## Abstract

This paper analyzes the problem faced by a border protection agency if endogenous exporter abatement activities affect invasive species risk, allowing for unobservable differences in abatement cost. We show how the optimal inspection/penalty regime differs from the symmetric information case. Departing from previous literature, we allow for technical assistance, a policy instrument specifically permitted and commonly employed under Article 9 of the World Trade Organization Sanitary and Phytosanitary Agreement. We find the information asymmetry can make it optimal for the importing country to provide technical assistance grants for exporter risk abatement, even if it would otherwise be inefficient. Further, we show that fungibility of technical assistance with inputs in other sectors of the exporting economy affects the qualitative nature of optimal policy. If technical assistance has no outside value in the exporterâ€™s country, optimal policy is characterized by a menu of contracts balancing higher tariffs with lower penalties for being caught with an invasive. If technical assistance can be used in other sectors of the exporterâ€™s economy, it can introduce countervailing incentives making a uniform tariff/penalty combination optimal.

This is a preview of subscription content, access via your institution.

## Notes

McAusland and Costello (2004) briefly discuss an example in which differences in exporter characteristics may lead to a suboptimal outcome without formally solving the regulatorâ€™s problem.

Regulators currently lack precise information about abatement costs. For example, even for a fairly standard technology as heat treatment of wood packaging, the high end of the range considered by the US Animal and Plant Health Inspection Service is twice as high as the low end (Chaloux 2010).

An important difference between our model and the previous literature is our implicit assumption of barriers to entry. McAusland and Costello (2004), MÃ©rel and Carter (2008), and Margolis and Shogren (2012) assume perfect competition with free entry and a corresponding zero profit condition. Such a framework does not allow for an equilibrium with heterogeneous exporters since those with low-costs would drive their competitors out of the market.

As shown below, these assumptions allow us to get interesting results regarding technical assistance provision. If the cost to the regulator were smaller than the average exporter cost, then it would be optimal to provide it even if there were no information asymmetry. If it were much larger, provision would never be optimal.

We later allow for the possibility that the regulator may design a policy such that some potential exporters may not wish to ship their cargo.

The latter assumption ensures that environmental damage is always greater than consumer willingness to pay for the infected good. It conveniently allows us to focus on cases in which the regulator does not want a known infected cargo to enter the country.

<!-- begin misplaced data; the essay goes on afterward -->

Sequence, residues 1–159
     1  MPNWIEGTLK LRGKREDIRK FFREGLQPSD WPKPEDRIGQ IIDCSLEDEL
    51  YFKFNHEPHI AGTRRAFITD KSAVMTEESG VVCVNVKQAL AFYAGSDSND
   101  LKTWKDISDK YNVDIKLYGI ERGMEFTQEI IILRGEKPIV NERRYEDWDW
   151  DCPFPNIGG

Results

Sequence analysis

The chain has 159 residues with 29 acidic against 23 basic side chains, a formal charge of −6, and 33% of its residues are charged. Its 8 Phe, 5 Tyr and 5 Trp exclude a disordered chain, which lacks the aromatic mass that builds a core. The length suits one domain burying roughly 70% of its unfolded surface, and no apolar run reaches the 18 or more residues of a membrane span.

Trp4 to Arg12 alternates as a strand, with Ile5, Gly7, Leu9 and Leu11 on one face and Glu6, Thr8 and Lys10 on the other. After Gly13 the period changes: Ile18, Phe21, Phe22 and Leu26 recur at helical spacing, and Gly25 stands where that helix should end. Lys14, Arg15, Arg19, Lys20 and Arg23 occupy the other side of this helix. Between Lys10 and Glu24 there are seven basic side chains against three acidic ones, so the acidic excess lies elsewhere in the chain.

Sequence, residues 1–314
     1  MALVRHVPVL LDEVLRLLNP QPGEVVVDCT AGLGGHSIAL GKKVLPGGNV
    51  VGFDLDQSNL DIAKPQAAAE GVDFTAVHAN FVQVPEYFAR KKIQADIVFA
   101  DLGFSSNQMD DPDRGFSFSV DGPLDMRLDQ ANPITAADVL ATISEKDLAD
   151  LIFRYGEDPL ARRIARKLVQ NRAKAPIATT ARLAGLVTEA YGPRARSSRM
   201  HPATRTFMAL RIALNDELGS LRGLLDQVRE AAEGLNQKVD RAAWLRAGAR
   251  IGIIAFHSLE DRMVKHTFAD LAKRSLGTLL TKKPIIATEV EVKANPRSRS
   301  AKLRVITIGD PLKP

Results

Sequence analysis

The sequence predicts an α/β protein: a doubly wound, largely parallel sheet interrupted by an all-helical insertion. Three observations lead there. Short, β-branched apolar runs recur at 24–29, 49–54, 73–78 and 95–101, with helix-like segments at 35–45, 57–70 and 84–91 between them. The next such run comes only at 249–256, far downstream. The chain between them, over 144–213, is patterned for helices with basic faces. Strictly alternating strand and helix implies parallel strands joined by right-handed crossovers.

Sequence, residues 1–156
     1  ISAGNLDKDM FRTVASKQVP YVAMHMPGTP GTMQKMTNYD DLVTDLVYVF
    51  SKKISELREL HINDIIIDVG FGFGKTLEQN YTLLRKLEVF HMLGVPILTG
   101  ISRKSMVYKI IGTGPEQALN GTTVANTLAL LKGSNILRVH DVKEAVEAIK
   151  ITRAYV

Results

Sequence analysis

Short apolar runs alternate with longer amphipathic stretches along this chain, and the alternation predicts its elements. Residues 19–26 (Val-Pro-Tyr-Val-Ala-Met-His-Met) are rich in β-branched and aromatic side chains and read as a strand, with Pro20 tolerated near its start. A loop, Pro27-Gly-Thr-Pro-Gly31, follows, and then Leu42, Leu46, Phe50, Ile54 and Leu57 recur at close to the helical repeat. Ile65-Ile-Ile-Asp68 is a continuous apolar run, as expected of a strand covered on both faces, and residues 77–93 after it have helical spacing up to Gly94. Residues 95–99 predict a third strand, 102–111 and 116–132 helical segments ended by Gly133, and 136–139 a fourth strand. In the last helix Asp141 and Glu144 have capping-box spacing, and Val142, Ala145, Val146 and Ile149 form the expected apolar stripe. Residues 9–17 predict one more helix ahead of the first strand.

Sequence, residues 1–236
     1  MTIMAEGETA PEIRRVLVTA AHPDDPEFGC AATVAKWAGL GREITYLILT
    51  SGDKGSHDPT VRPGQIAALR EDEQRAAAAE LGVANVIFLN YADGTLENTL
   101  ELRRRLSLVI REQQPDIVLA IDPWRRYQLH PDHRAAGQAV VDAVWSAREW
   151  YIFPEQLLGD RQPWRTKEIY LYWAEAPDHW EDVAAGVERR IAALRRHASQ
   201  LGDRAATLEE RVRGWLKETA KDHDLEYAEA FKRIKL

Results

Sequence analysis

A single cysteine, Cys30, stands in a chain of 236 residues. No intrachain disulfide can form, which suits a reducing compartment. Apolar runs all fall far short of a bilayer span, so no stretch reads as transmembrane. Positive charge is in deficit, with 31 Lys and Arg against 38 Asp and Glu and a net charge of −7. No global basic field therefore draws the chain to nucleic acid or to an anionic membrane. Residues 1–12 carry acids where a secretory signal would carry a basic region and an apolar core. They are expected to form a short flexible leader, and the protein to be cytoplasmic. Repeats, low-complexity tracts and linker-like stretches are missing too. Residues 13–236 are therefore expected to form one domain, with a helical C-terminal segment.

If the regulatorâ€™s cost of expediting inspections by a unit of time is \(\tau \), and is equal to the value of time to the exporter, then even the notation goes through unaltered.

The model could be easily extended to cases in which \(I\) and \(\phi \) vary across exporters and \(t\) and \(\tau \) are set at a uniform level. Regarding the legality of a non-uniform policy, it is worth noting that countries currently differentiate in their application of tariffs and penalties, broadly defined, in the context of sanitary and phytosanitary measures (e.g., the US-Netherlands pre-clearance program). The specific approach described here would be less discriminatory inasmuch as all exporters would be able to choose from the same menu.

This restriction is by no means the only way to model trade agreements, and rules out policies that effectively price exporters with high abatement costs out of the market. We leave analysis of alternative participation constraints to future research.

Many components of the second-order conditions cannot be unambiguously signed.

Specifically, we require \(\mathrm{d}[G(\theta )/g(\theta )]/\mathrm{d}\theta \) and \(\mathrm{d}\big [[G(\theta )-1]/g(\theta \big )]/\mathrm{d}\theta >G(\theta )/g(\theta )\theta \). See Bagnoli and Bergstrom (2005) for properties of likelihood ratios for many common distribution functions. For details regarding solution algorithms if potential separation does not hold, see Guesnerie and Laffont (1984).

In particular, \(\int _0^1\int _\theta ^1e(z)\mathrm{d}z\mathrm{d}G(\theta )=\int _\theta ^1\left.e(z)\mathrm{d}zG(\theta )\right|_0^1+\int _0^1e(\theta )G(\theta )\mathrm{d}\theta =\int _0^1e(\theta )\frac{G(\theta )}{g(\theta )}\mathrm{d}G(\theta )\).

In particular, \( \int _0^{\theta ^0(\phi )}\int _0^{\theta ^0(\phi )} [e(z)-\phi ]\mathrm{d}z\mathrm{d}G(\theta )=\int _0^{\theta ^0(\phi )}\left.[e(z)-\phi ]\mathrm{d}zG(\theta )\right|_0^{\theta ^0(\phi )}+\int _0^{\theta ^0(\phi )}[e(\theta )-\phi ]G(\theta )\mathrm{d}\theta =\int _0^{\theta ^0(\phi )}[e(\theta )-\phi ]\frac{G(\theta )}{g(\theta )}\mathrm{d}G(\theta )\), and \(\int _{\theta ^0(\phi )}^1\int _{\theta ^0(\phi )}^\theta [\phi -e(z)]\mathrm{d}z\mathrm{d}G(\theta )=\int _{\theta ^0(\phi )}^\theta [\phi -e(z)]\mathrm{d}z\left.G(\theta )\right|_{\theta ^0(\phi )}^1-\int _{\theta ^0(\phi )}^1[\phi -e(\theta )]G(\theta )\mathrm{d}\theta =\int _{\theta ^0(\phi )}^1[\phi -e(\theta )]\frac{1-G(\theta )}{g(\theta )}\mathrm{d}G(\theta )\).